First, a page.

The process of creating Journey Stories has been a journey in itself. The traveling exhibit, in development since October 2006, will hit the road in 2009 in Illinois, Kansas, Mississippi, North Dakota, and Oklahoma. OEC is producing this exhibition for Museum on Main Street (MoMS), a collaboration between the Smithsonian Institution Traveling Exhibition Service (SITES) and the Federation of State Humanities Councils.
Journey Stories focuses on the mobile elements of American society. Regardless of their cultural backgrounds, all Americans have a story to tell of their own personal journeys or of their ancestors. The exhibition tells the story of migrations (both voluntary and forced) into and throughout the United States, the tenacity and creativity of transportation workers, and of development of the methods of transportation that our desire to explore demanded. The exhibit highlights people’s stories about picking up and moving somewhere else and of fun and frolic on the open road. Methods of transportation may have changed from the wagon to the train to the car, but Americans keep on moving.
OEC editor Angela Roberts and OEC designer Tina Lynch have been involved with the exhibit from the very beginning of the project. William Withuhn, curator of Transportation History at the National Museum of American History (NMAH) and curator for this exhibit, is writing the script, while the team from OEC and MoMS works to customize this content-rich exhibit for the needs of cultural organizations in rural communities. Our “journey stories” are told through audio and text quotes, compelling historic photographs and artwork, and reproduction objects and maps. MoMS staff have been researching and gathering the components, as well as obtaining rights and permissions to use photographs from collections around the country.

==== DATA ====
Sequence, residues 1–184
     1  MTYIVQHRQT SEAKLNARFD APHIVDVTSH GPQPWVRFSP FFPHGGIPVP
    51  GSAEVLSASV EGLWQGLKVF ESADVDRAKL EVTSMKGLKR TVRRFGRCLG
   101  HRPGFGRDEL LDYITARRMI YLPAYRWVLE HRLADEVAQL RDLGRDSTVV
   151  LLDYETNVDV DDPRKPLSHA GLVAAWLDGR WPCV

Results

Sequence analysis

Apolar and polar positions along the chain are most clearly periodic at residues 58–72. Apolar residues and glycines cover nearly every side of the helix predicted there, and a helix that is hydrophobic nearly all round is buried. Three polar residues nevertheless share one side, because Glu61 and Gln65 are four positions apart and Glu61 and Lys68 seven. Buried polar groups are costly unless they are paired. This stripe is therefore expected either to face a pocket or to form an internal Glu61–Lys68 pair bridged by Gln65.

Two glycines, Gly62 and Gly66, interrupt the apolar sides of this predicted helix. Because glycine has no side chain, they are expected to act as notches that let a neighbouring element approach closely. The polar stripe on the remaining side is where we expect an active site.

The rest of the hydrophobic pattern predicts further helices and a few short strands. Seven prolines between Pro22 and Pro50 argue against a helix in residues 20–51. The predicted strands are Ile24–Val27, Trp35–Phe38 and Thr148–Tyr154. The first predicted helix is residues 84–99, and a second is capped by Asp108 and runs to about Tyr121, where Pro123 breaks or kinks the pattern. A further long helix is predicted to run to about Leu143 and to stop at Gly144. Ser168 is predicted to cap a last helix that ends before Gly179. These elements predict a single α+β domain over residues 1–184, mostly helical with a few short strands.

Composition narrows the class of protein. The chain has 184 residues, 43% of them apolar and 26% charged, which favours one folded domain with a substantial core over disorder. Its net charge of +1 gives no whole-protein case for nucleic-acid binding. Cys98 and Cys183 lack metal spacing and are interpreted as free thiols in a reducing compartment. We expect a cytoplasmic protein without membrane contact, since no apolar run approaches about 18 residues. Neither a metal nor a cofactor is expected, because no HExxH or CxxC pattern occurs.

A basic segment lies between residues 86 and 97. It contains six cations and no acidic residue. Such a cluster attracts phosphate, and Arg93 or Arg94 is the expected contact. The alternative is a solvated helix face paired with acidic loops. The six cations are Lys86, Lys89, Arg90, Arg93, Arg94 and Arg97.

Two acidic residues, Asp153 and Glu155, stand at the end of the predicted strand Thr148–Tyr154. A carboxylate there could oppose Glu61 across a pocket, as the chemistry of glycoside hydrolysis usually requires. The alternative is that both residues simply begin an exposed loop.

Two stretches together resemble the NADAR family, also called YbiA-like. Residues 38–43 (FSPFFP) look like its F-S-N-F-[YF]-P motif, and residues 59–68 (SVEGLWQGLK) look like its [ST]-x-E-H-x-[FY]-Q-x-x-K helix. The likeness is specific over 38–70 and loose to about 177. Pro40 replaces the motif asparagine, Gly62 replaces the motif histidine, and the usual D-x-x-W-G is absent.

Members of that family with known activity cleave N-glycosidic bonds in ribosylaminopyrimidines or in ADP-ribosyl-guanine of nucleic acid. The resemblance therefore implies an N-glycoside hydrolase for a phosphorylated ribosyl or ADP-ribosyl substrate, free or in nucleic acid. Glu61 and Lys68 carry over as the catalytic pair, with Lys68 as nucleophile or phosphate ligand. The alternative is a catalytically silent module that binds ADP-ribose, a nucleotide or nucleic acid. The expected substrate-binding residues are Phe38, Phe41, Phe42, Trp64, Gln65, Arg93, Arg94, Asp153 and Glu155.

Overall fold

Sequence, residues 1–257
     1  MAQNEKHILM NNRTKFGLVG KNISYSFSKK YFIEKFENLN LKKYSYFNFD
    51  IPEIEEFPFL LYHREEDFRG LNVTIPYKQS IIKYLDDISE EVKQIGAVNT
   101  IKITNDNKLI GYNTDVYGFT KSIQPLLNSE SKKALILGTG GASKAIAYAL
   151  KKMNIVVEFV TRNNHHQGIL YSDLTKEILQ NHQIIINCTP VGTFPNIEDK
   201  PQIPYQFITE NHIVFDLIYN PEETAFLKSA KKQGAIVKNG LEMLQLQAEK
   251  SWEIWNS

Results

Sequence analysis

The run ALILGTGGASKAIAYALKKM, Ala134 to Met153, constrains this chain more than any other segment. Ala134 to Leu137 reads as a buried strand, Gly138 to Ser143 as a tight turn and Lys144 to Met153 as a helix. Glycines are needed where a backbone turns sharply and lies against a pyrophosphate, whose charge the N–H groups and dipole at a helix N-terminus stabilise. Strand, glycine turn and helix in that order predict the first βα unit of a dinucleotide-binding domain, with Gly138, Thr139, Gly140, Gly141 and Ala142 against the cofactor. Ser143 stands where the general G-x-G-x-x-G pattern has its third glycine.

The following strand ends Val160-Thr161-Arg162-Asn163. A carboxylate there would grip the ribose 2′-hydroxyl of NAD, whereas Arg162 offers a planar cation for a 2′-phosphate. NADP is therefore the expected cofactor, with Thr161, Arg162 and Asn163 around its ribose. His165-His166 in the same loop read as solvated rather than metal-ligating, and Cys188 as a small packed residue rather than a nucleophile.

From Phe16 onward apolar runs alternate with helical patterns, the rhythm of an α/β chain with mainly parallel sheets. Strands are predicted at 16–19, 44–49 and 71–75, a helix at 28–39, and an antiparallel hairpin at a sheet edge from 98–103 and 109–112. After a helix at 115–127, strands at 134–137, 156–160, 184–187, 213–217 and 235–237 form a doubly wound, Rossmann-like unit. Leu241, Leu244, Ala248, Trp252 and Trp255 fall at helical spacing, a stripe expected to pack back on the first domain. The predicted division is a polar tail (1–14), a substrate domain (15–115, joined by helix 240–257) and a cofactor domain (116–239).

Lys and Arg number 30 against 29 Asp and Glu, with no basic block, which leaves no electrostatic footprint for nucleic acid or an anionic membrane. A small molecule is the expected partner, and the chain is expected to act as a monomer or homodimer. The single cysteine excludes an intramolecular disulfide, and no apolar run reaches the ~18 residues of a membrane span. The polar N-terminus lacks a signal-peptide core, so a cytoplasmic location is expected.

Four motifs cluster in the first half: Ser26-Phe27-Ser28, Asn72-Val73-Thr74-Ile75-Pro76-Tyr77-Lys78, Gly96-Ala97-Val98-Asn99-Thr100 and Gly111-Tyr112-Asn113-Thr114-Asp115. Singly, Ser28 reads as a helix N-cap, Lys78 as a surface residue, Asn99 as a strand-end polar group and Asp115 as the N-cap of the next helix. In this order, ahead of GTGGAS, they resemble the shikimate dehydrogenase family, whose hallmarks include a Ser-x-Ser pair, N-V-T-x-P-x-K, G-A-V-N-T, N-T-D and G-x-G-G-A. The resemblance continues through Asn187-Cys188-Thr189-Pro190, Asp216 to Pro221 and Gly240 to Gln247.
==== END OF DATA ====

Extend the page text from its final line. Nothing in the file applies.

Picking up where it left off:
Designer Lynch has converted several of the black and white photographs into colored duotones. This change from the original image gives visitors a new way to look at something familiar. Several of the photos used in the design, Lynch obtained using connections through friends of friends, which was a pleasant surprise in the design process. OEC graphics specialist Theresa Keefe works with Lynch to prepare the final high resolution images for printing. Using Photoshop, she cleans up the images and makes corrections in the final color output.
OEC mountmaker Howard Clemenko is hard at work bracketing objects, and our crating specialist, Harry Adams, has made the necessary calculations to safely ship the entire show within strict shipping parameters. Other modelmakers are experimenting with methods for encapsulating or replicating different materials, such as barbed wire and tobacco twists.
OEC has a long history with MoMS. We’ve designed and produced all of their exhibits since 1994, starting with Produce for Victory and its award-winning design.